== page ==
Building a community through basketball

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Former Cougar basketball player gives back to underprivileged youth

Jerad Kozey

Contributor 


Adam Huffman has always been a team player.  During his time as a forward for the University of Regina Cougars Basketball team he wasn’t known for shooting three pointers, or gravity defying dunks, it was his ability to make the right play. Whether it came from interior passing, opportunistic scoring, or laying his body on the line to draw a charging call, it seems that Huffman was always willing to do what he needed to bring a team together as a collective unit.  


After his graduation, Huffman focused his unrelenting team mentality into a career.  Huffman is the founder of Doggpound Basketball Academy; an organization that provides opportunities for elementary and high school students to play basketball. 


Although he has done a remarkable job to give children from around the city a safe and fun environment to sharpen their skills, it is Huffman’s work behind the scene that is truly impressive.  


Prior to creating DBA; Huffman worked for the inner city youth program Sports Venture. During his time at Sports Venture, Huffman was a huge factor in developing the Ehrlo basketball league, which provides a positive environment for less fortunate children to learn basketball.  


Although he has since left Sports Venture, Huffman still spends countless hours working with the Ehrlo Basketball league, despite working at Scott Collegiate, and Glen Carren Community Centre at the same time.


“When I quit at Sports Venture I realized that no one could maintain the level I had brought the program to, so I had to stay on.”


Amazingly enough, Huffman`s commitment to youth basketball extends even further. Doggpound Basketball Academy continues to bring the under privileged youth a better basketball experience by allowing them to participate, for free. Huffman opens his doors and regularly waives his fees in order to allow children to take part.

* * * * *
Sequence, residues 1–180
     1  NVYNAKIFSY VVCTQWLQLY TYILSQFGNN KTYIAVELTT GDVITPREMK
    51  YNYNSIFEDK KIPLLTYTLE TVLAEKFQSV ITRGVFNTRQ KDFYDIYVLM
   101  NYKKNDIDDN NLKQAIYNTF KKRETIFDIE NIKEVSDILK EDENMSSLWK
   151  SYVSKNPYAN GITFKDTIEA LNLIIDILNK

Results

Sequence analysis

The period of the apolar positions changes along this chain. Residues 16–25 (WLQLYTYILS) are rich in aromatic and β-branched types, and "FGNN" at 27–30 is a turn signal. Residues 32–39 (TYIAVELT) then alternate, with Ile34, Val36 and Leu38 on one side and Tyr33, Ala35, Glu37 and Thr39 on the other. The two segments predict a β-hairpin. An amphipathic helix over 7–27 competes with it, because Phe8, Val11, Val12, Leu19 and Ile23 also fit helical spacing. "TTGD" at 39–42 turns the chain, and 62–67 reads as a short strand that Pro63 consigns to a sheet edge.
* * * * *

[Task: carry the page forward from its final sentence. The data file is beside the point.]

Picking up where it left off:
“These kids that don’t come from money and aren’t put into basketball at a young age, they grow up and the only reason they are playing is for the love of the game. We need to bring that attitude to those of opportunity because that love is important. They are being combined at Doggpound, and I’m watching people from all walks of life in this city that would never otherwise meet each other on the same basketball court. This is what I love the most about my job, watching this brand or company, whatever you want to call, it becoming a family.”



"As our province grows and continues to diversify I would like to see basketball be one of the corner stones that keeps us together." – Adam Huffman



Instead of charging the families money for his time, Huffman`s has a mentorship program  in place so that the players who are benefiting from his generosity are giving it right back to the community.  


“The mentorship program provides those that can’t afford the services I am providing a chance to give directly back to what they have received.  This not only benefits the little children being taught by the older kids but also the older ones; opening their eyes through mentoring.”


If all of this wasn’t enough, Huffman also transports the many of the children to and from his basketball camps, again, free of charge. 


At the moment, Huffman is trying to offer summer tournament opportunities for the kids that would allow them to continue playing basketball. 


“BSI had an under-seventeen basketball tournament; out of the six teams in the men’s division four were from Doggpound."


For Huffman, it’s all about breaking down barriers and levelling the playing field.


“As our province grows and continues to diversify, I would like to see basketball be one of the corner stones that keeps us together, and grows along with it.” 

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